Does mechanism matter? Unrelated neurotoxicants converge on cell cycle and apoptosis during neurodifferentiation.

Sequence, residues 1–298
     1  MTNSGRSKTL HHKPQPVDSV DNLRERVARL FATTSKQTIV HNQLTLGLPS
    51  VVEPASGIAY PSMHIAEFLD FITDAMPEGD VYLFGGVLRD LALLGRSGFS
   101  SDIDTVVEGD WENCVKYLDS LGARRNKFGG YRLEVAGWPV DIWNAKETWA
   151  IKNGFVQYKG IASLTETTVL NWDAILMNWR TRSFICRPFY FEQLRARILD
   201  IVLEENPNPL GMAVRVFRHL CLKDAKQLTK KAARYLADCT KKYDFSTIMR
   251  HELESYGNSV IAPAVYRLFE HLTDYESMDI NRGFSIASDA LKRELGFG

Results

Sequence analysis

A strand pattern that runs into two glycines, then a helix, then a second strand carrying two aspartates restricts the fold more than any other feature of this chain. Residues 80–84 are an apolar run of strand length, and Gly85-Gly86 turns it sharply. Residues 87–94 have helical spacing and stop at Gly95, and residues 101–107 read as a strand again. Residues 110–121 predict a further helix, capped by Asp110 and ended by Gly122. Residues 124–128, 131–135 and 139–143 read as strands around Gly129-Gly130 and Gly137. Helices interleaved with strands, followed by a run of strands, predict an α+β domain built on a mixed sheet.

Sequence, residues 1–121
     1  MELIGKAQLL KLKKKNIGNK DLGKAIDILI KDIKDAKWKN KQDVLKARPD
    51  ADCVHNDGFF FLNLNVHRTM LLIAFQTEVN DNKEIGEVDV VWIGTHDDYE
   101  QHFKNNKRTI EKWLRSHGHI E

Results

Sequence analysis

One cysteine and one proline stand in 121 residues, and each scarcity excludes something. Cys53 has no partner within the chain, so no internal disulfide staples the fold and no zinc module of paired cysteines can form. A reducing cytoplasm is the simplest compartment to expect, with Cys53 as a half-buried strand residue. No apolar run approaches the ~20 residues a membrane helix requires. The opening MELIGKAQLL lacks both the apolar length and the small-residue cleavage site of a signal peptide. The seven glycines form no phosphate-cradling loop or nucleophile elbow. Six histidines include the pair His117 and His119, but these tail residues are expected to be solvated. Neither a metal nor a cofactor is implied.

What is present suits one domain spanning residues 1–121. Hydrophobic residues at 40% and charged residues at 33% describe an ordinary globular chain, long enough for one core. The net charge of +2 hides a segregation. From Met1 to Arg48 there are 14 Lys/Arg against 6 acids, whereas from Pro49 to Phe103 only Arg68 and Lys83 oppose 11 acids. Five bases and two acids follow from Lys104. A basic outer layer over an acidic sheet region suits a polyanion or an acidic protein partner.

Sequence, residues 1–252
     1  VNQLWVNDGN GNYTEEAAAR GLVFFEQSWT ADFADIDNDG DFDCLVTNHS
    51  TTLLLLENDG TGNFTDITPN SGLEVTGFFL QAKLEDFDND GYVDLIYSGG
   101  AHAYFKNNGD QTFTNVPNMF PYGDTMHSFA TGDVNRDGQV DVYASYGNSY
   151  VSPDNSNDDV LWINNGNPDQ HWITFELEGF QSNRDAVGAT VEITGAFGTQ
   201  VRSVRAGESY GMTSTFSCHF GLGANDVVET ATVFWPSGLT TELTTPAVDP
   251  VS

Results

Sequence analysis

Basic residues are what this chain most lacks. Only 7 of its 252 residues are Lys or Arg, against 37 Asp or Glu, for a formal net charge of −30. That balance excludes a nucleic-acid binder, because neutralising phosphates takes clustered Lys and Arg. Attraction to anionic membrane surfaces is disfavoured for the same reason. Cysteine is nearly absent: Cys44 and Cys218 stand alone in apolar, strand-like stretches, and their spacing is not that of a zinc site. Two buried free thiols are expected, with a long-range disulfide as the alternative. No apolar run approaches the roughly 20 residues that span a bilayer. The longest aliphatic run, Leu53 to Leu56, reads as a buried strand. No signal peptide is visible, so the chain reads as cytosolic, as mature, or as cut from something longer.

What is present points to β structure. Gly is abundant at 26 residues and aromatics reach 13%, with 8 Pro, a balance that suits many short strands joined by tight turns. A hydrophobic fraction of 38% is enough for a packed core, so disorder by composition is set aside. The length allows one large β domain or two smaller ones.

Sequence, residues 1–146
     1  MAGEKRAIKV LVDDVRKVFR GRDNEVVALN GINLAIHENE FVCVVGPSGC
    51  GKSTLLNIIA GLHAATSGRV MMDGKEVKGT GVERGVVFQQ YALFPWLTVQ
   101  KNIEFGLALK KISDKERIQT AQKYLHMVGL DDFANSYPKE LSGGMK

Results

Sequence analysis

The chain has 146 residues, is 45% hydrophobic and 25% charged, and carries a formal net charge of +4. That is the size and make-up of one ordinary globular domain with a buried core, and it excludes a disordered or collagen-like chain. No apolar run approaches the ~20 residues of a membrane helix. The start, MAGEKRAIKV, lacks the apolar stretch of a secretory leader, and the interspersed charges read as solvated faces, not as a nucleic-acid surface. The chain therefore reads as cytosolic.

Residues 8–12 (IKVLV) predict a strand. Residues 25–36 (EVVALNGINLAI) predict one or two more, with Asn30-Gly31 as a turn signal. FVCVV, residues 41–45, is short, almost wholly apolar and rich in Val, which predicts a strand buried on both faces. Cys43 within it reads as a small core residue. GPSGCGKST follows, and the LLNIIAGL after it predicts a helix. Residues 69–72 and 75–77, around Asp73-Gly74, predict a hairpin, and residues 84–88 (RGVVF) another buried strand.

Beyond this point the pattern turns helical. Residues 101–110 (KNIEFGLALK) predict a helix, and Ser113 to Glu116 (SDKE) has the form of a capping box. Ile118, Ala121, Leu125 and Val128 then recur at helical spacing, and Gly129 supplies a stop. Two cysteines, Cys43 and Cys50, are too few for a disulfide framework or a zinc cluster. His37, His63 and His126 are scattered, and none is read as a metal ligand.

Mechanistically unrelated developmental neurotoxicants often produce neural cell loss culminating in similar functional and behavioral outcomes. We compared an organophosphate pesticide (diazinon), an organochlorine pesticide (dieldrin) and a metal (Ni(2+)) for effects on the genes regulating cell cycle and apoptosis in differentiating PC12 cells, an in vitro model of neuronal development. Each agent was introduced at 30μM for 24 or 72h, treatments devoid of cytotoxicity. Using microarrays, we examined the mRNAs encoding nearly 400 genes involved in each of the biological processes. All three agents targeted both the cell cycle and apoptosis pathways, evidenced by significant transcriptional changes in 40-45% of the cell cycle-related genes and 30-40% of the apoptosis-related genes. There was also a high degree of overlap as to which specific genes were affected by the diverse agents, with 80 cell cycle genes and 56 apoptosis genes common to all three. Concordance analysis, which assesses stringent matching of the direction, magnitude and timing of the transcriptional changes, showed highly significant correlations for pairwise comparisons of all the agents, for both cell cycle and apoptosis. Our results show that otherwise disparate developmental neurotoxicants converge on common cellular pathways governing the acquisition and programmed death of neural cells, providing a specific link to cell deficits. Our studies suggest that identifying the initial mechanism of action of a developmental neurotoxicant may be strategically less important than focusing on the pathways that converge on common final outcomes such as cell loss.
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